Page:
Ear infections are bacterial or viral infections affecting any of the three regions in your ear: the outer ear (otitis externa), the middle ear (acute otitis media), and the inner ear. These infections would typically clear up naturally in about 3 days, as the ear has a self-cleansing mechanism. There are instances where ear infections may persist beyond 3 days or reoccur many times, and sometimes temporarily damage the middle and inner ear.
Ear infections can be caused by viruses or bacteria that result from a blockage in your Eustachian tube, which is a small tube that runs directly from the back of your throat to your ears, causing fluid to build up in your middle ear. Blockages in your Eustachian tube are often attributed to allergies, colds, sinusitis, smoking, and changes in air pressure.
Ear infections can also be caused by infected adenoids. Adenoids are the glands on the roof of your mouth behind your nose. They are part of your immune system, protecting your body from infections. Infections from these glands can spread to your Eustachian tubes. Adenoids shrink as we get older, so it is more common to find children with infected adenoids.
Other factors like digging of the ears aggressively can also lead to ear infections. Digging of the ears can accidentally traumatise the skin, giving bacteria or fungi a chance to infect the broken skin.
In adults, ear infections may present as slight pain or discomfort inside your ear, a constant feeling of pressure inside your ear, fluid-like ear discharge, and/or hearing loss. In addition to adult-like symptoms, young children and infants may also display other signs like rubbing or pulling their ear, fever, not reacting to certain sounds, fussiness or restlessness, and/or loss of appetite.
Ear infections are generally painful and uncomfortable as a result of inflammation of fluid buildup within the ear. It would also be more painful if infections occur in both ears.
Children are generally more prone to ear infections because their Eustachian canal is shorter and more narrow. About 80% of children would have developed an ear infection, most commonly between the ages of 6 to 24 months. Infants who are bottle-fed also tend to have a higher incidence of ear infections.
While ear infections are not contagious, the upper respiratory viruses that cause the infection can spread more easily among children with immature immune systems. Hence, children in daycare centres are more prone to ear infections.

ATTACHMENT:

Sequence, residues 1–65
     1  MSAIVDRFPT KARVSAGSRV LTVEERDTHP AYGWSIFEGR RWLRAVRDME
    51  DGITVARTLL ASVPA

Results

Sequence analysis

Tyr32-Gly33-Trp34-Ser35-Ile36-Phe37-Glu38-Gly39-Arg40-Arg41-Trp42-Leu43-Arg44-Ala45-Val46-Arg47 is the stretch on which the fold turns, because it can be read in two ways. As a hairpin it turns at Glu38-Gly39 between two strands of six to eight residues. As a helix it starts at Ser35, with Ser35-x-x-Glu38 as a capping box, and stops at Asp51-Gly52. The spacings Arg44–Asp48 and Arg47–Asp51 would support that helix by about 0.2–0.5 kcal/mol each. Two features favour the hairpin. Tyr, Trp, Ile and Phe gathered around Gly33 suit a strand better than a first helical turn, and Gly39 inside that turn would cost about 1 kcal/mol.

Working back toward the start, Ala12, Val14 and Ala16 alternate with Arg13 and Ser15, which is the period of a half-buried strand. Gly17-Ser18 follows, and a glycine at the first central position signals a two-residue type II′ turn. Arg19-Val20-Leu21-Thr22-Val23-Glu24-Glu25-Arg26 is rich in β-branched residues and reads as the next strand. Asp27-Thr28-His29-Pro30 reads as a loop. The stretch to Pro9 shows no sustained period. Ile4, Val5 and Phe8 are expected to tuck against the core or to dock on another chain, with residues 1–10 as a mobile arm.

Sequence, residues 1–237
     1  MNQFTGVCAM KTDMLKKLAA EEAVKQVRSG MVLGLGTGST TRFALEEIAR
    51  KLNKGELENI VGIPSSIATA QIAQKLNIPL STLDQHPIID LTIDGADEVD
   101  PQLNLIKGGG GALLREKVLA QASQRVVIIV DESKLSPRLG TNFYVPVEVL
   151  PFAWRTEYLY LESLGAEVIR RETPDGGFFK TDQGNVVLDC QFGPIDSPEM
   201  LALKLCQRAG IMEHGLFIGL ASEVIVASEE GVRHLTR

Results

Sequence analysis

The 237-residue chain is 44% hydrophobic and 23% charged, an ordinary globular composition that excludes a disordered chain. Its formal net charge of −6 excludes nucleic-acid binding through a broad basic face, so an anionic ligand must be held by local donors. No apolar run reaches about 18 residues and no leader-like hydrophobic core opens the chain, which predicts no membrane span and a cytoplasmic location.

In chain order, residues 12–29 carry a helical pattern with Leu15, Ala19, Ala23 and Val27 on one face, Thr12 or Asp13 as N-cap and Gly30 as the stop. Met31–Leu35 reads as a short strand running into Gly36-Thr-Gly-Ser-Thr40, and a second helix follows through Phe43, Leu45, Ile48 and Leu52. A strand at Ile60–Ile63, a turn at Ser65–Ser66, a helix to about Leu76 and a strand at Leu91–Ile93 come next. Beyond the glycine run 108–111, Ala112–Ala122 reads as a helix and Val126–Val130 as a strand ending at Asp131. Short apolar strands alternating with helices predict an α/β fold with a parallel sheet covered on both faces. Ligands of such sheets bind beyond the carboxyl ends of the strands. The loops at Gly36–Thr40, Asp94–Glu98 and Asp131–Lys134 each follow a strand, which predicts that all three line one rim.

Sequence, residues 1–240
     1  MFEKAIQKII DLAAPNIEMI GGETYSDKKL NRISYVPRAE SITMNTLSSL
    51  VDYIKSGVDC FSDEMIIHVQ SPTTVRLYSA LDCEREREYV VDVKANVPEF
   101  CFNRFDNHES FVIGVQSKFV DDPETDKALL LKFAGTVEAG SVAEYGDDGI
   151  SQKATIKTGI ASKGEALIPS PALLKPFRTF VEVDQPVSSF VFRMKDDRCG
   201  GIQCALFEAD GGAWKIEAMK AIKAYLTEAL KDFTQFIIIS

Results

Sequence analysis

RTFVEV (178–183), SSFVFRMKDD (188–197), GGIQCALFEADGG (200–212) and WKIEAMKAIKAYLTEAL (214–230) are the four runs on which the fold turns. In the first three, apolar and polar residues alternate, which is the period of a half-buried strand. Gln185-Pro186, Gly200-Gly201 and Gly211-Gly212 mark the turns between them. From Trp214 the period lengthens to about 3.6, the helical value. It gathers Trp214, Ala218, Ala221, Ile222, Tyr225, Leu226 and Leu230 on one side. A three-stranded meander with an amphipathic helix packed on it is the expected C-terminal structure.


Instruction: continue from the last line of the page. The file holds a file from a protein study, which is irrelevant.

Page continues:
Other risk factors include those with compromised immune systems such as those with diabetes. They are also more prone to an aggressive form of infection.
In Singapore, the high humidity increases the risk of ear infections, especially fungal ear infections. The tropical climate makes it conducive for fungal organisms to thrive in our moist ear environment and tends to result in a lot of itching and pain.
Ear infections are diagnosed through physical examination by using an otoscope – a handheld tool that shines a small light inside the ear for a clearer picture of the condition of the ear canal and eardrum. The otoscope may produce a small puff of air into the ear to check for blockages.
A physical examination may be coupled with a hearing test to determine if there is hearing loss. Occasionally, a radiological imaging may be required to visualise the middle and inner ear to rule out any abnormal growth.
A gentle cleaning of the wax and debris within the ear canal, followed by application of steroid and antibiotics using an ear wick to reach the deeper part of the canal, will effectively address this condition. Repeated visits may be required for more severe infection and in diabetic patients.
Antibiotics are usually not prescribed because ear infections typically clear up on their own and antibiotics do not alleviate the symptoms, including helping to manage the pain. For pain management, oral medication may be prescribed instead.
Antibiotics may be prescribed if the ear infection persists for more than 3 days, there is fluid discharge from the ear, or there is a risk of complications (in the case of patients with existing medical conditions).
External ear infections can be treated with antibiotic ear drops. Topical steroid drops may be prescribed to help reduce the pain and swelling in the ear.
In children, antibiotics may be prescribed if the child is under 2 years old and has an infection in both ears. Children who suffer from recurrent ear infections due to chronically infected adenoids may undergo surgery to remove the adenoids.
Patients suffering from hearing loss may recover their hearing once the ear infection is healed. However, in cases involving irreversible damage to ear structure, hearing aids may be required. An audiologist will assist with sourcing for suitable hearing aids.